Thanks to the World Congress of the Game Theory Societyat Bilgi University, this week Istanbul is hosting four Nobel Prize winners inEconomics.
John Nash, who was played by Russell Crowe in A Beautiful Mind, is speakingwith three other fellow laureates today at the appropriately-named Nobel Panel.Nash is one of the forefathers of modern game theory and developed the conceptof “Nash equilibrium”. The idea can best be illustrated by the canonicalPrisoner’s Dilemma:
Footballers Alexander and Abraham are arrestedas part of a match-fixing investigation. The prosecutor puts them inseparate rooms and offers them the same deal: If one testifies against theother, the rat goes free and the other gets a five-year sentence. If bothremain silent, they each receive a one-year sentence. And if both decide totestify, each is handed a three-year sentence.
Nash equilibrium is a set of strategies, where noplayer has anything to gain by changing his own strategy unilaterally. In thisgame, the equilibrium outcome is both men testifyingbecause each footballer can be better off by ratting regardless of what theother does. However, they would have been better off had both remained silent.
Bank of America strategists David Woo andAthanasios Vamvakidis have applied theconcept to the Eurozone. Keeping the payoff structure the same, theyreplace the footballers with Germany and Greece, with the former’s optionsbeing Eurobonds and No Eurobonds, and the latter’s Austerity and No Austerity.The two countries will not cooperate in equilibrium, meaning that Greece willnot undertake austerity and Germany will not OK Eurobonds.
This simple construct ignores many real-lifecomplications, but it does capture the main problem that neither side is ableto pre-commit credibly to the solution that would make both better off (Austerity,Eurobonds). Note that fiscal union would be the enforcement mechanism thatwould ensure each country lived up to is promises.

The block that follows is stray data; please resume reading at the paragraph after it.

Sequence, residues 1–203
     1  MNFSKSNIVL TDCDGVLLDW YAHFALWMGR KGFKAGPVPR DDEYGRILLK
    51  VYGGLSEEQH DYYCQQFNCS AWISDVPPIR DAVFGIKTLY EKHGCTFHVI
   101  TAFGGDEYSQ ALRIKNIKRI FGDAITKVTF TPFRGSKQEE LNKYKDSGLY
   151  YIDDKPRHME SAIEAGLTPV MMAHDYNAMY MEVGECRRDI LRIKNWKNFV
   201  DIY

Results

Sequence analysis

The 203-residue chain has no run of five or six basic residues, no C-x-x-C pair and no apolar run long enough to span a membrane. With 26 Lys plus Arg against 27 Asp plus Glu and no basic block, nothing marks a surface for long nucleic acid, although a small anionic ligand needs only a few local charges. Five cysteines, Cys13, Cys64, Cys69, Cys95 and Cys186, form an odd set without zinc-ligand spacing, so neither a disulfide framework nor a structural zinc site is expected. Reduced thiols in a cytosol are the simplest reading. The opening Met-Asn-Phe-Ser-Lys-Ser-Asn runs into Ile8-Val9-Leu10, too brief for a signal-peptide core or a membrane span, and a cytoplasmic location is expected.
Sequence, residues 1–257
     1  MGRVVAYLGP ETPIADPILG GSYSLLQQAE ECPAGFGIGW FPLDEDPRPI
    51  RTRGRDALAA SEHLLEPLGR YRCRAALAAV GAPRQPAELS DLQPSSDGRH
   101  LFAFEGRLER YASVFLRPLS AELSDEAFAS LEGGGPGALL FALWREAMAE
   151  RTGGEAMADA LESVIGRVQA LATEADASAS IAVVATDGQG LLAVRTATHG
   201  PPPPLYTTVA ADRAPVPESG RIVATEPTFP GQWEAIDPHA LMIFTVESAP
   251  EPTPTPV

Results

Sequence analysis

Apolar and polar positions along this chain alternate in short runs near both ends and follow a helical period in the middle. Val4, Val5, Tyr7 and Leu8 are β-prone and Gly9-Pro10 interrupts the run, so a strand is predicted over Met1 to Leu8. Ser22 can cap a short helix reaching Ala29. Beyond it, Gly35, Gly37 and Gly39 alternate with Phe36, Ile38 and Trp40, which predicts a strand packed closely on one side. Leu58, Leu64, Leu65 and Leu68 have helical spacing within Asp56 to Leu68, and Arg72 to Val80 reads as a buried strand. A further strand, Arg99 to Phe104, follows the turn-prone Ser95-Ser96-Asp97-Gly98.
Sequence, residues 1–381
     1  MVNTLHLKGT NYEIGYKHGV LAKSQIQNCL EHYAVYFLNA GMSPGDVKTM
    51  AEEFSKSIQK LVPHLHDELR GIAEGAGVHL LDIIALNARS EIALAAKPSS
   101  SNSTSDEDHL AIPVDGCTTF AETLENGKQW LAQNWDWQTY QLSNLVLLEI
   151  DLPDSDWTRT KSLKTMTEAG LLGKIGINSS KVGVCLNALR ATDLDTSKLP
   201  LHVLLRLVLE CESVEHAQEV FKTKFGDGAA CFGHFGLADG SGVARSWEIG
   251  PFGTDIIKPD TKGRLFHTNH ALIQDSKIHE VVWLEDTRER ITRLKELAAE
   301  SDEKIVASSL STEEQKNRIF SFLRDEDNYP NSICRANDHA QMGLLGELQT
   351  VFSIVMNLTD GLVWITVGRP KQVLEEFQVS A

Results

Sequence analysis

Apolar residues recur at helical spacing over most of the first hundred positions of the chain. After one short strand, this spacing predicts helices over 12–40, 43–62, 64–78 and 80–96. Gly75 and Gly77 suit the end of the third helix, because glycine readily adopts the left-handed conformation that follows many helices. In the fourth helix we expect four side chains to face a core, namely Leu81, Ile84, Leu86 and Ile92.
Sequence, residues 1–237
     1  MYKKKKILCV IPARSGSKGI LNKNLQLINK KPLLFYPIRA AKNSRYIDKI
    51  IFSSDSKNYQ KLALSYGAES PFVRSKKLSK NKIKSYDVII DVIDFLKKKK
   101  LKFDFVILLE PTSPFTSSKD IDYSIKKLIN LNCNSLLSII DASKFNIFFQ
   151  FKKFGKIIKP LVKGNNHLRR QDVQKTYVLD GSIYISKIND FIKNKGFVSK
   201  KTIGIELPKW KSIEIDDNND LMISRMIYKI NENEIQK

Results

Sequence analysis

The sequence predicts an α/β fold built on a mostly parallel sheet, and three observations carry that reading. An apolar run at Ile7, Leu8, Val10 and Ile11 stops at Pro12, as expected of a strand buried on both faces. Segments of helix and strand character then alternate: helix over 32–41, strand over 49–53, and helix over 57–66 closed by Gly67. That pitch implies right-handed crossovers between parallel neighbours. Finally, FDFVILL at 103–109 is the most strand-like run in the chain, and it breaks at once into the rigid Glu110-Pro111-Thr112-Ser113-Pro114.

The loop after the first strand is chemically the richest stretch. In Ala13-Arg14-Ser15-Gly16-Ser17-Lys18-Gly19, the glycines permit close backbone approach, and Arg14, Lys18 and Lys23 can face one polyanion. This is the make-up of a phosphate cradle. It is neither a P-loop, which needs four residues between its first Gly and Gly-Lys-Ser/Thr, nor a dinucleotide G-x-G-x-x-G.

Woo and Anthanasios then calculate the costs andbenefits of a voluntary exit from the Eurozone for the major core and peripherycountries. They try to estimate the chances for an orderly exit as well as the impacton growth, borrowing costs and the country’s balance sheet following an exit.
Their analysis is only a simplification, but theresults are striking. First, while everyone is expecting Greece to exit first, Italy and Ireland havethe highest incentives to leave. Italy has a good chance of an orderly exitand stands to benefit from competitiveness, growth and even balance sheetgains. On the other hand, while it is the country most likely to achieve anorderly exit, Germany has the lowest incentive to leave, as it would sufferfrom lower growth, higher borrowing costs and a negative balance sheet effect.
Using these payoffs, the strategists then devise athree-period game, where Italy first decides whether or not to exit. If itdoesn’t, Germany could pay her to stay and then Italy again answers thequestion, “should I stayor should I go”. The Nash equilibrium of this game is for Italy to exit inthe first period.
It seems, therefore, that game theory does notpredict a bright future for the Eurozone.